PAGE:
And now from England, on the 2009 Cabernet Sauvignon, an Instagram:
Elegant, not blowsy.
Something game-changing happened for California wine exports a few weeks ago. A cohort of British wine buyers who had previously associated California only with cheap and not very cheerful brands and unthinkably expensive and often exaggerated Chardonnay and Cabernet was exposed to something completely different. Not that the wines on show at an all-day event celebrating “The New California,” organised by London wine merchants Roberson, were bargains. But the wines themselves presented a completely different and refreshing face of America’s wine state: bone dry with nerve, tension, intrigue, geographical awareness, no more than 13.5 per cent alcohol and, in most cases, the promise of developing into something even more interesting. The day of tasting and presentations was named after a controversial new book by Jon Bonné, the wine editor of The San Francisco Chronicle, who led the talks.
Jancis’s picks: Particularly strongly recommended: Smith-Madrone Cabernet Sauvignon 2009 Napa Valley
April 25, 2014, TheDailyMeal, Roger Morris
At a time when we may be lured away for spring picnic rosés and chilled white sipping wines on the sun deck, it is also grilling time — and grilled meats with their charred fats and pink interiors love red wines.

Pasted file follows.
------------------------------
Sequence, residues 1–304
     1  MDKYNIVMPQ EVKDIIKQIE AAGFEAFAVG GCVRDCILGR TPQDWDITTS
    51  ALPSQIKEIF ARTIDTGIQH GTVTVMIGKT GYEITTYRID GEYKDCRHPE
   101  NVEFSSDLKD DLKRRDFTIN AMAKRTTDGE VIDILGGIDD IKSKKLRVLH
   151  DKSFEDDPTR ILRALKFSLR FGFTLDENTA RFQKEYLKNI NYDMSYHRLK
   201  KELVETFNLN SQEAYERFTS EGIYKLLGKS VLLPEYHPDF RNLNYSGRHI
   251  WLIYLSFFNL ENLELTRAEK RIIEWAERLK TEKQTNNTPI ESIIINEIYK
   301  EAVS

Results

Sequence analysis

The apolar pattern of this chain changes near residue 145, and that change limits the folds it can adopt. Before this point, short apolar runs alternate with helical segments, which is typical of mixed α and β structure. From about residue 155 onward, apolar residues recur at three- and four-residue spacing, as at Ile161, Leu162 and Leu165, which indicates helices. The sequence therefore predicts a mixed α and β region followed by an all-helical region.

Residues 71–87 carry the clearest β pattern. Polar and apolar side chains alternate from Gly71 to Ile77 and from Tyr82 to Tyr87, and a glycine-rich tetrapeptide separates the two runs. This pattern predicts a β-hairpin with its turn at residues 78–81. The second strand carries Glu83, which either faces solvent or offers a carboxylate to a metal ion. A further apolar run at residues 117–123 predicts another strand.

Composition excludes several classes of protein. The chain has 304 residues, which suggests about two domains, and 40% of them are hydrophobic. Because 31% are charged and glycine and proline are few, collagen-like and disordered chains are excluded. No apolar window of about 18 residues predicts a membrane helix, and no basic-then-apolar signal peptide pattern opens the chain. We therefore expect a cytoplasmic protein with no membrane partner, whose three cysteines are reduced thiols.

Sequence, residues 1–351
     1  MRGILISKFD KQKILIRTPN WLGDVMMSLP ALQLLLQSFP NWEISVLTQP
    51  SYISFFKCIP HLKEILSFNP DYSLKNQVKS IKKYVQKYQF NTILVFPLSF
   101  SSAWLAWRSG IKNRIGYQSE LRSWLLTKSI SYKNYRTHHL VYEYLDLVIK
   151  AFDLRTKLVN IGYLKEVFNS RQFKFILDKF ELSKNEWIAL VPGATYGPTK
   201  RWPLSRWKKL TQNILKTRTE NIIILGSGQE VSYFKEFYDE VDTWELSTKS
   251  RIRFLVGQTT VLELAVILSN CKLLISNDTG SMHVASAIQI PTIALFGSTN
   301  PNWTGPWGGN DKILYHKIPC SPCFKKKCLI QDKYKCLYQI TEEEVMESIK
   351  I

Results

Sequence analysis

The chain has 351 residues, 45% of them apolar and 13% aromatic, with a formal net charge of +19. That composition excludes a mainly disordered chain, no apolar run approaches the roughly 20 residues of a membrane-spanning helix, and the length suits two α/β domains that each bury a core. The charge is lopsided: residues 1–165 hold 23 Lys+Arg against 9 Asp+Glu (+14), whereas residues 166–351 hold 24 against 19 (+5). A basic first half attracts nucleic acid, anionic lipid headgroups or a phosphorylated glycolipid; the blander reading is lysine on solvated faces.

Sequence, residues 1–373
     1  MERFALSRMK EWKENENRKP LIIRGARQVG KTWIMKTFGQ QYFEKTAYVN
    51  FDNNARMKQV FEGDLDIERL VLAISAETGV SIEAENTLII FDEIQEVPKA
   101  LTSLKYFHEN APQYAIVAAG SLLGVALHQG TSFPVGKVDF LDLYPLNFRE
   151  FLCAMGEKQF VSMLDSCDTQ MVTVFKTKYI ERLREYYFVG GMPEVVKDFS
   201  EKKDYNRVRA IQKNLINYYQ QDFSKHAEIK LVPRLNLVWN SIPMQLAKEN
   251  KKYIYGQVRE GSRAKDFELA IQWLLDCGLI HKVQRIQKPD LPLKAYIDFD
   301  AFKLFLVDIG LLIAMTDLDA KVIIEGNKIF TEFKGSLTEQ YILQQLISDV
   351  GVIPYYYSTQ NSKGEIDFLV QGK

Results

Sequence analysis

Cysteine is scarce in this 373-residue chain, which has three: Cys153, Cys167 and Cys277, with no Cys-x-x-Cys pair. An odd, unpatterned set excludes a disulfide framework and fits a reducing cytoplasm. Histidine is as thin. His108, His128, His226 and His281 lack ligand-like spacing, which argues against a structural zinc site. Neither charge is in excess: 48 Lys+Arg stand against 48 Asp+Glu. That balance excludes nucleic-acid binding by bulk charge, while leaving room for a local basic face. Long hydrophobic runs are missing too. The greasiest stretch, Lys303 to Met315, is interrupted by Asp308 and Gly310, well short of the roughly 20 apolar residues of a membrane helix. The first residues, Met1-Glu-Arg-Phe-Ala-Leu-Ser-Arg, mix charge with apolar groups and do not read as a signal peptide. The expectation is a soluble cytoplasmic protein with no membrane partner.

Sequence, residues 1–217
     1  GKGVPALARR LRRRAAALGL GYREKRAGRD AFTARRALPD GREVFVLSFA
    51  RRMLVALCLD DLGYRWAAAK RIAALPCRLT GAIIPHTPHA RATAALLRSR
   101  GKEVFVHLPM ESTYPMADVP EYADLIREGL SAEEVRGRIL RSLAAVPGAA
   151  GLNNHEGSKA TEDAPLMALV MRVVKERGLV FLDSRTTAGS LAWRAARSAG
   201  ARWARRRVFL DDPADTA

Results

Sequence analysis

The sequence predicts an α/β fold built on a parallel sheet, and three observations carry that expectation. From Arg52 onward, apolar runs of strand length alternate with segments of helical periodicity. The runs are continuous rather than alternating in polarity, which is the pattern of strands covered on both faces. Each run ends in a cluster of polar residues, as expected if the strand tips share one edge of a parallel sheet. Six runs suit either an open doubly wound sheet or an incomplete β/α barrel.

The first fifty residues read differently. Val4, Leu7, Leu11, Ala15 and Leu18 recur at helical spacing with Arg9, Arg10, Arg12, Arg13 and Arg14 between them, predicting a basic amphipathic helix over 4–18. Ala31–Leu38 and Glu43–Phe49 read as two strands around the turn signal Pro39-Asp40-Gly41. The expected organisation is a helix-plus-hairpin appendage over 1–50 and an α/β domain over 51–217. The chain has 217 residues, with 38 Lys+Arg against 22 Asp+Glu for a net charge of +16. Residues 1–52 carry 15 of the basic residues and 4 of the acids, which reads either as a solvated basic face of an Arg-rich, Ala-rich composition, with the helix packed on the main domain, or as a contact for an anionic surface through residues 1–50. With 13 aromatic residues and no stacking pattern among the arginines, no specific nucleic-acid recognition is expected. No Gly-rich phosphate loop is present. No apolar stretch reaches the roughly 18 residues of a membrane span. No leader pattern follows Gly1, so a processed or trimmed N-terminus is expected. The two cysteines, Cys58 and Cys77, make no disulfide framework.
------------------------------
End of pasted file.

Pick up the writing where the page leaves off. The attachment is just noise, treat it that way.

2009 Smith Madrone Cabernet Sauvignon: A little rustic and traditional — neither a good nor bad judgment — with a somewhat lean structure. It has red cherry flavors, decided herbal notes, some licorice, and easy tannins. Pair with grilled ribs, pork or beef.
94 points: You’ve got to love a Napa Valley Cabernet with this kind of quality to price ratio. Easily better than many competitors that cost up to three times as much, this wine delivers classic California character, low alcohol and big flavor, with age-worthy structure to boot. Brothers Charles and Stuart Smith have done it again, giving us blackberry and black currant fruit, cedar chest aroma, mellow spice and a long, well integrated finish. No high octane cocktail wine here — this demands a special meal.
5 California Wineries That Wowed Me in 2013
2013 was a great year, wasn’t it? Over the course of the year I tasted a lot of amazing wines and toured many a beautiful California vineyard. As a writer for the daily wine blog Terroirist, I blind-tasted my way through a lot of samples in 2013, most of which hailed from CA. I found myself gravitating toward several producers who put out consistently awesome wines, regardless of vintage or grape variety.